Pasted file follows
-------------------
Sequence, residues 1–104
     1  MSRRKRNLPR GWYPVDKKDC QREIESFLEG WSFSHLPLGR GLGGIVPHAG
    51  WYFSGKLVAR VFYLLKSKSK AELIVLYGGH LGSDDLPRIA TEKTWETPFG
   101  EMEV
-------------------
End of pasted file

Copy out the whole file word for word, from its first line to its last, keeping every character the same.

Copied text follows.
Sequence, residues 1–104
     1  MSRRKRNLPR GWYPVDKKDC QREIESFLEG WSFSHLPLGR GLGGIVPHAG
    51  WYFSGKLVAR VFYLLKSKSK AELIVLYGGH LGSDDLPRIA TEKTWETPFG
   101  EMEV